1. For what you do, Notepad is probably enough so MS Office is overkill. Notepad++ and you’re in heaven. This ‘Everybody Hates Microsoft’ mantra is getting old. We all know the alternatives are all trying to replicate Windows and MS Office with laughable results. We use Google for Business in our company for email and storage requirements, and we get all sorts of issues with missing files, failed syncs, you-name-it. We miss the features of Outlook and Google deliberately killed compatibility with Outlook for their enterprise email service. The truth of the matter is the world runs on Windows and Microsoft deserves some credit for that

    1. Read again slowly this time. My uninstalling Office has nothing to do with hating Microsoft. I run bash in Windows! I and a lot of ppl cannot afford it

  2. PS: Volume Licensing
    From my experience with Volume Licensing, its is just a term most usually for organisations whereby an organisation requires multiple licenses of the Microsoft product eg the MS Office, but they do not require multiple copies of the installation media. It is cheap in the sense that you get only 1 DVD but your license can have the number of activations or seats that you require e.g for 50 users. That is how the cheapness comes about in that they do not need to ship to you 50 DVDs. What you are actually referring to as having to pay a bill every month if I am not mistaken is Office365.

    1. For MS Office Licenses, the licenses are perpertual and what you expires every 24 months is the Software Assurance which gives you the ability to upgrade to a new version if Microsoft brings in a new version of the software and your Software Assurance is still valid. Yes Microsoft licensing is confusing

      1. Thanks Tsenny and EMC. Sometimes I feel the articles on TECHZim, while aimed at addressing some tech issue, lack sufficient investigation that would make them more informative. They end up sounding like posts on a personal blog where there is no editorial moderation. And for some of us, being non-core techies, we will be hoping to read insightful articles on tech as it affects us, how we can make it easier to use, general news, etc. Like how Tsenny just described MS Office licensing in 2 short paragraphs, leaving me with sufficient detail that at least the amount I spend will be once off, but the licensing is confusing.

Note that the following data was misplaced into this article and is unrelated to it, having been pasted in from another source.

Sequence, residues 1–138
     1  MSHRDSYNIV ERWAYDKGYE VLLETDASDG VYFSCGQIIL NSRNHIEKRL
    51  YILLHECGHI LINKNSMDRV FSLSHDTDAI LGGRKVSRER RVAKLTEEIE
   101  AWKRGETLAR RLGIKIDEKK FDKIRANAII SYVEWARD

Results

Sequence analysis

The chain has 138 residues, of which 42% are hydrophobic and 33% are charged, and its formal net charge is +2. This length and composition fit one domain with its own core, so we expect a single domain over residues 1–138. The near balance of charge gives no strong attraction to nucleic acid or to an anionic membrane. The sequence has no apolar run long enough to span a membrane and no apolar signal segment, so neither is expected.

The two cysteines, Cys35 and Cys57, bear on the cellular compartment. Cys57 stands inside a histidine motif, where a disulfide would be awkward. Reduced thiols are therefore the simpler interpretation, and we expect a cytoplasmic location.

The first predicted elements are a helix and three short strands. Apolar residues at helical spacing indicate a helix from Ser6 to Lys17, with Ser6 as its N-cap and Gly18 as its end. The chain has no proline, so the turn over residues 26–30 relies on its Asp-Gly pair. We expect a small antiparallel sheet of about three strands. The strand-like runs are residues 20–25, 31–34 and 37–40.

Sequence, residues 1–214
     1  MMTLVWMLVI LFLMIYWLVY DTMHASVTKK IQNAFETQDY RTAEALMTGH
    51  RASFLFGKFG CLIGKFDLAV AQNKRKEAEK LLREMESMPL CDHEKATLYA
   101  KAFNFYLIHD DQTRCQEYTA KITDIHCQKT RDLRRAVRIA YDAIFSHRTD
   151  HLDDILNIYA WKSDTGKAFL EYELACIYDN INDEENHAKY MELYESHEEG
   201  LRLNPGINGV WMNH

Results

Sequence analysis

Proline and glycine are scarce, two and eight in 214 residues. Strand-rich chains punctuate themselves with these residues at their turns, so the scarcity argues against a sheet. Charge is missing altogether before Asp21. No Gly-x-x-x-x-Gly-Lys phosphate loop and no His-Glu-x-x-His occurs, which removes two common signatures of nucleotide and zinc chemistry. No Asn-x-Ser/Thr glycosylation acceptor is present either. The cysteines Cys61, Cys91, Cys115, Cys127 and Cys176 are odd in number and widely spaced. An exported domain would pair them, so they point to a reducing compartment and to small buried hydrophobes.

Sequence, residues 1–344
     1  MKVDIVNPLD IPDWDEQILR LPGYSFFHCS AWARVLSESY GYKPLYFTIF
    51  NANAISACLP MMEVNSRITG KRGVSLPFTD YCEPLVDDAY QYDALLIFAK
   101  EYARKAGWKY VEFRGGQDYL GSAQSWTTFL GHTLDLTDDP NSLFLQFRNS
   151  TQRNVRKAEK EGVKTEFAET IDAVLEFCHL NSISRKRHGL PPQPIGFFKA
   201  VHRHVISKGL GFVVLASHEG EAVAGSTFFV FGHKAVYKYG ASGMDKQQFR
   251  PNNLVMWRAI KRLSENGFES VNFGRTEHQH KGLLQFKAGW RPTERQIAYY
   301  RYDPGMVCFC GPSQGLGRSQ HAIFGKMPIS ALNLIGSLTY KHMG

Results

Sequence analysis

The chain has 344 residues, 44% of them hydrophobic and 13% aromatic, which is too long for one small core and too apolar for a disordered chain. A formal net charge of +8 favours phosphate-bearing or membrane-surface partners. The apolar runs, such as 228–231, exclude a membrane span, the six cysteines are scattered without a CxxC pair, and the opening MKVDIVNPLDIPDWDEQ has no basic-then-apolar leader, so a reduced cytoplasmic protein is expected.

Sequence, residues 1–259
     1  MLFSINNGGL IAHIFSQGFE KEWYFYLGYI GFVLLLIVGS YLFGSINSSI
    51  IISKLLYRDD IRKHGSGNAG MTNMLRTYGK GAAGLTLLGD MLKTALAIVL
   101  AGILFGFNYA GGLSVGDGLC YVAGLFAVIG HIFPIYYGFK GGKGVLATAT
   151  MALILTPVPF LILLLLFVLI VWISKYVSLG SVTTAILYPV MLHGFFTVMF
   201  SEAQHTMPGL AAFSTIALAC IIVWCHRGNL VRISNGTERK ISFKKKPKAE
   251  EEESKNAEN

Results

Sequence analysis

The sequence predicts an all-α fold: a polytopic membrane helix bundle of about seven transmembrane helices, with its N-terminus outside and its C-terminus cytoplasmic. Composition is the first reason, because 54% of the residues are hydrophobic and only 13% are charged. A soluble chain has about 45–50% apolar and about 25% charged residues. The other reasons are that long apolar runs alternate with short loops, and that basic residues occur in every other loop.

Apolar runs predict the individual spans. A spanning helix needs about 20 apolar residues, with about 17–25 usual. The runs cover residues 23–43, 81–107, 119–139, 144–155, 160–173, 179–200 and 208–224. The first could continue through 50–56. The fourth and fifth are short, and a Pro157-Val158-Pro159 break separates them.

And to the writer, from a PR point of view, “never tell a person who has taken the time to read your writing that they should “read again more slowly this time”. It’s rude. I am saying this from the point of view of both a writer, reader and consumer.

        1. Sigh, I apologize for being insensitive, too much time at Stack Exchange and hacker forums where you speak your mind next time I will buy a candle and we will hug it out. I am not speaking for the editor but when I write, and for most tech blogs like ZDNet, Techcrunch, Wired and a gazillion others out there, each writer has his/her little nook and cranny. We know for example that Ernesto from torrentfreak hates the DCMA, Joey from OMGUbuntu loves his cat etc it’s just how it is. I cannot, and will never write about something that I don’t know. I will never even pretend to be unbiased, that is a Western media fiction just compare Fox News and ABC for example and you will know there is never such a thing as a balanced opinion.